Most employers are required to keep records of work-related injuries and illnesses. As you might expect, the onset of the COVID-19 pandemic raised questions related to Occupational Safety and Health Administration (OSHA) recordkeeping guidelines. The agency recently clarified the employer requirements related to COVID-19, following confusion over reporting and recordkeeping guidelines from April and May 2020 that provided a bit of leeway on enforcement.
Winter weather brings more than rosy cheeks and songs about reindeer. During the winter, Pinnacol sees a spike in workers’ compensation claims.
For the past few years, we have received the most worker injury claims on Jan. 9, with an average of almost 200 workers across Colorado getting injured on this day. Many of the claims stem from slip, trip and fall injuries caused by snow or ice.
Stress (did you buy the right gift or make enough stuffing?) often accompanies the many joys of the holiday season. This year, that holiday stress collides with our feelings of anxiety about what’s happening in 2020.
The pandemic has sparked feelings of isolation and depression as people worry about their health, their loved ones and their finances. One study found that Colorado residents were nine times more likely to experience poor mental health compared to before the pandemic.
Remember all the talk of “flattening the curve” last spring? People stayed home to slow the spread of COVID-19, and in Colorado the preventive measures seemed to work.
Now Colorado businesses can help keep that curve flattened, this time by encouraging their employees to get a flu shot. The vaccine protects people against developing the flu, which is particularly important this year as COVID-19 and flu season intersect for the first time.
People age 65 and over represent the fastest-growing workforce segment from 2014 to 2024, according to the U.S. Bureau of Labor Statistics, which projects their employment will surge by more than 50%. Colorado’s over-65 population is growing in size faster than in all but two other states.
Occupational Safety and Health Administration investigations monitor how businesses manage everyday risks for their workers.
The COVID-19 pandemic has highlighted risk management as a priority for many businesses. No matter what their industry, employers are evaluating workplace safety protocol and becoming more proactive about improving it.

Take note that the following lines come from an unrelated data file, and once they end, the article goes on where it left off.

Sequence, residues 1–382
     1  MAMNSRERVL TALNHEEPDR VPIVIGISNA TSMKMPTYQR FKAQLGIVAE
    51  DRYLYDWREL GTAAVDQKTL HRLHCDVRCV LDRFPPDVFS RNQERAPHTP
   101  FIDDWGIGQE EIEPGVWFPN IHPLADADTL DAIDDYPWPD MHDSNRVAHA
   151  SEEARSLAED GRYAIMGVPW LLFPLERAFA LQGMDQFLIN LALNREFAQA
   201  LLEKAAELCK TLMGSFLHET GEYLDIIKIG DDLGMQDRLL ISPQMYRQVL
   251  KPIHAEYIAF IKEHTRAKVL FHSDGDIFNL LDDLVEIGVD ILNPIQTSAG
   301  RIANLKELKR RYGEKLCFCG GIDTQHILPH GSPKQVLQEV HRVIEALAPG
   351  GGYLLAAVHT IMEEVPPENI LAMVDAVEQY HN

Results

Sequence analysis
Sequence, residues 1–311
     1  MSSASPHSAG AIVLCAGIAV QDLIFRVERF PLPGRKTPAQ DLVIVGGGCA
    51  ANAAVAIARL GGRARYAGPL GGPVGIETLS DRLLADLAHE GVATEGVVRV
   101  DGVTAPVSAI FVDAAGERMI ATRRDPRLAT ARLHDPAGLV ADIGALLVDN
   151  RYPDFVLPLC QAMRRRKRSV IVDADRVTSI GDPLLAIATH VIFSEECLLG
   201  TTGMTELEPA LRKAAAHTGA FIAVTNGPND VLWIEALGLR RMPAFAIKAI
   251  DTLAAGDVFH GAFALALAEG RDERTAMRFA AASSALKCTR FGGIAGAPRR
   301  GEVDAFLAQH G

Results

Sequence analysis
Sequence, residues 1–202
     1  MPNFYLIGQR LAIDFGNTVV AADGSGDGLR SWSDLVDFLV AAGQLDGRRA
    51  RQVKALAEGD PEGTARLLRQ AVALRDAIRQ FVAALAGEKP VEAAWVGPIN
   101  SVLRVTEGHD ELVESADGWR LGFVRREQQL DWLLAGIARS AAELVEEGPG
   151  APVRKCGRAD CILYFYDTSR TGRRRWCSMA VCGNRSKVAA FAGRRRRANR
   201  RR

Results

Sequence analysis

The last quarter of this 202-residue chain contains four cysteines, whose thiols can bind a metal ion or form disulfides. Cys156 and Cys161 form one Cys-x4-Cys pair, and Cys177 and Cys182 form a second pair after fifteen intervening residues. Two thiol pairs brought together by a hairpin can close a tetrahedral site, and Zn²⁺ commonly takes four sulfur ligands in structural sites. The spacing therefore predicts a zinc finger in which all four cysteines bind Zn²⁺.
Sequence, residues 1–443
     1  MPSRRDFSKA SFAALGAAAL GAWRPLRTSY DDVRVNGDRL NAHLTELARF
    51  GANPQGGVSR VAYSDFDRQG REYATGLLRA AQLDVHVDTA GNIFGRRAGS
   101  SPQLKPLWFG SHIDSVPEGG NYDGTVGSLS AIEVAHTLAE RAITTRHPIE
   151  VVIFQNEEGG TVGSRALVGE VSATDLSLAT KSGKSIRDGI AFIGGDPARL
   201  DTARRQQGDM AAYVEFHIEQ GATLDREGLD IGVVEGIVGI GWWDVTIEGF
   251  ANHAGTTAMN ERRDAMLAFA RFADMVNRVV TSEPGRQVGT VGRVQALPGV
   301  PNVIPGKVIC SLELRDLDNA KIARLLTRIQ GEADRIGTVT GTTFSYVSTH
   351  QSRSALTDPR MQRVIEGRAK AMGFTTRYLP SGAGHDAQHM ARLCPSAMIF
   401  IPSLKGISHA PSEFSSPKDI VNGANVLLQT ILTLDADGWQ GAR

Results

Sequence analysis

It has already been an unusually hot summer in Colorado, with temperatures soaring above usual highs. The blazing weather arrives as employers implement protocols to slow the spread of COVID-19, such as wearing masks.
For many Colorado businesses, now is the right time to update their hazard communication program to ensure compliance with the Occupational Safety and Health Administration Hazard Communication Standard, 29 CFR 1910.1200. The standard requires employers with hazardous chemicals in their workplaces to label all containers, obtain safety data sheets (SDSs) and train exposed workers to handle the chemicals appropriately.
Pinnacol Assurance has been protecting Colorado businesses and their employees, through good times and bad, for more than 100 years. In our recent history, we’ve never seen anything like the impact of COVID-19, but our community has been through other crisis, and we’ll get through this one too. Here’s what we are doing to support our customers:
At 2 a.m. on March 8, daylight saving time begins here in Colorado. Too many workers will show up yawning and with eyes at half-mast. As in past years, a real concern will be the increased risk of workplace injuries.
Consider this: A government study of injury data in the U.S. mining industry from 1983 to 2006 found that more injuries happened on the Monday after DST began, and those injuries were more severe.
How do you know if one of your workers is having a heart attack or stroke? What exactly should you do? And are your employees prepared to step up and do what’s necessary? Now is the perfect time for your organization to answer these questions, since February is American Heart Month. Each year, 10,000 Americans suffer heart attacks at work. Here are some things to know and do to reduce the chances of becoming one of the statistics.